Sermon: Heritage Sunday


Then they came to Capernaum; and when he was in the house he asked them, “What were you arguing about on the way?” After I read this and some of the other history of our church, I read the Gospel for today and had myself a little laugh… Then they came to Enid; and when he was in the house he asked them, “What were you arguing about on the way?”

The interesting thing about a church’s history is that you can really only talk about the buildings and the clergy, the people and who served, the money or the lack there of, and so on. What you can’t really tell in the history of a church is how God moved in the people. How the power of the Holy Spirit transformed lives. How Jesus truly entered this house and began the work of the Kingdom of God in this place. The buildings, the people, and all are only a part of our heritage, because it is these workings of God in our lives and the lives of those around us that are reflects our true heritage, and that really is the most important thing.

Jesus “took a little child and put it among them; and taking it in his arms, he said to them, ‘Whoever welcomes one such child in my name welcomes me, and whoever welcomes me welcomes not me but the one who sent me.’” Our heritage is about welcoming the child, welcoming Jesus into our midst and loving him and loving one another, for what other sign can we show that God is present than by our love for Him and our love for one another? Does the height of a steeple prove that love? Or the size of our endowment? Or even the number of cars in the parking lot? Do any of these things demonstrate the love of God and the love of one another? Not really. They do demonstrate commitment and courage. They also show a desire to honor God in visible ways. None of this is bad or wrong, but what they can’t show is love, because love is an action of the heart. True love is that which seeks the good of the other without regard for self and that is what it means to welcome the little child, but that is not something that can necessarily be documented. Instead, it is a feeling, almost a presence.

This past week, we had our Saints Book Club. We’ve just finished reading In This House of Brede. A beautiful story about the lives of the nuns living in a convent. The main character, Philippa, had come to the point when the older nuns would decide if she would be allowed to stay and become a fully professed sister. She was afraid they would not allow it, so she went to the sanctuary to pray, asking God to allow her to stay. The scene is set: “The light flickering by the tabernacle was warm, alive, and as if they were still there, she heard what the nuns had sung last night at Benediction: ‘Christus vincit, Christus regnat, Christus imperat.’” Christ conquers, Christ reigns, Christ commands. In that place, she could “feel” the prayers from the night before, because as was stated, “If a place has been filled with prayer, though it is empty, something remains; a quiet, a steadiness.” Our sanctuary is the same. You can “feel” the presence of the prayers that have been said there over the last century, but it’s not just that… and it is the reason I’m so happy to be serving in this place, because, I can see the heritage in buildings and the books and the art, but more importantly, I can “feel” that more important heritage—that heritage of God’s work and transforming power—I can feel that you have always performed the work that Christ called on his disciples to perform. That is, in the name of Jesus, the child has always been welcomed here. In the name of Jesus, you have always loved and there really is no greater heritage than this.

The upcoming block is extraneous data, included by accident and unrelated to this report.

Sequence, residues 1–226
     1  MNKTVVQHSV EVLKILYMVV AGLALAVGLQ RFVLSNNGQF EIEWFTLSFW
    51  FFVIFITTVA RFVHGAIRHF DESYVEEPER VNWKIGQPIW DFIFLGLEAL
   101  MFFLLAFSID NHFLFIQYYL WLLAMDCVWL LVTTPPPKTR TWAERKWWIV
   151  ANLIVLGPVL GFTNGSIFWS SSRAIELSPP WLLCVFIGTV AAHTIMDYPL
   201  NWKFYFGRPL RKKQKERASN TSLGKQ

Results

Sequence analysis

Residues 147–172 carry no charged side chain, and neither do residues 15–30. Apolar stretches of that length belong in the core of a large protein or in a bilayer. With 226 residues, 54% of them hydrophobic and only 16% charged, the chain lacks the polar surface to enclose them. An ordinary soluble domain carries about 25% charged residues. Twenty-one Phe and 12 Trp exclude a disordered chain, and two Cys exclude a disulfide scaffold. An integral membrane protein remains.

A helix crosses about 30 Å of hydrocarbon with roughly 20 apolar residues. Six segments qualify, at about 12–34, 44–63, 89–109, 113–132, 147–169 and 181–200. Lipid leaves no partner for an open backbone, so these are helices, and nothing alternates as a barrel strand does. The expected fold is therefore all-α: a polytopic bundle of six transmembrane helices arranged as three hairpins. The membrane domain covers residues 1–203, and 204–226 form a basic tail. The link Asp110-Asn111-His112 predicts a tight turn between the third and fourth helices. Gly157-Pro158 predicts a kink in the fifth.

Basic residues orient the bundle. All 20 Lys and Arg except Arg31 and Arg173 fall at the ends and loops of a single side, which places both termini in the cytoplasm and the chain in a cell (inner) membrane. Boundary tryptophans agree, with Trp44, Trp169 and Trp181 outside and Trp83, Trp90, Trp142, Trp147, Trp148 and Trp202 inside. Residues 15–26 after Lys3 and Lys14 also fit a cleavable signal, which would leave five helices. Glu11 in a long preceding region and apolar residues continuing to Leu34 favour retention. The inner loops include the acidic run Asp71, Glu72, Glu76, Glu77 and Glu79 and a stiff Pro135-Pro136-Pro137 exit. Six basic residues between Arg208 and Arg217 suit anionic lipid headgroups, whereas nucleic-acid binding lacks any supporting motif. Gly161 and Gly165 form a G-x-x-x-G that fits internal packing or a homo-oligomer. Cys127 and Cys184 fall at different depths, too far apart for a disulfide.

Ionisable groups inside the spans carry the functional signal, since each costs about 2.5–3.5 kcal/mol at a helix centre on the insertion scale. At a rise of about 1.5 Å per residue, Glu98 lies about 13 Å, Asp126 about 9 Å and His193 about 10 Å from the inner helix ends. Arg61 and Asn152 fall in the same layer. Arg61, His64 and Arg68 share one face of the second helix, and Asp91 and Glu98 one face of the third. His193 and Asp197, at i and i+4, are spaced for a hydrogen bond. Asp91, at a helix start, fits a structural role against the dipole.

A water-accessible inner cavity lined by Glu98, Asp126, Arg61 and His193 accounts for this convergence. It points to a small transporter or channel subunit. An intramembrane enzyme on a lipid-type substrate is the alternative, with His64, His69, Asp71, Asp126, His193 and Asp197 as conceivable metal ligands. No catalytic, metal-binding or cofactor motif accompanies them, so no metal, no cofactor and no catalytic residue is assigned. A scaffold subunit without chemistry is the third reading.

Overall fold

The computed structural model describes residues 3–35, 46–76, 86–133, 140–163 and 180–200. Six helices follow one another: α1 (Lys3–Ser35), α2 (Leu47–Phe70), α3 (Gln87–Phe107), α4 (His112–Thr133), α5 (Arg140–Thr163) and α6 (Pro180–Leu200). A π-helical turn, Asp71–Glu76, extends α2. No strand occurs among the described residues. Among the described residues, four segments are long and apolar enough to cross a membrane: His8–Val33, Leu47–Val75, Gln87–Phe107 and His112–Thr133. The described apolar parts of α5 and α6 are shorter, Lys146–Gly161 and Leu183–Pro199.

This year… your church is 128 years old. May the love you have shown in those years be a source of inspiration to continue in this great work of the kingdom for the years to come, until the great day of the Lord’s return.

Let us pray: We thank you, heavenly Father, for the witness of your apostle and evangelist Matthew to the Gospel of your Son our Savior; and we pray that, after his example, we may with ready wills and hearts obey the calling of our Lord to follow him; through Jesus Christ our Lord, who lives and reigns with you and the Holy Spirit, one God, now and for ever. Amen.

St. Matthew’s original building.

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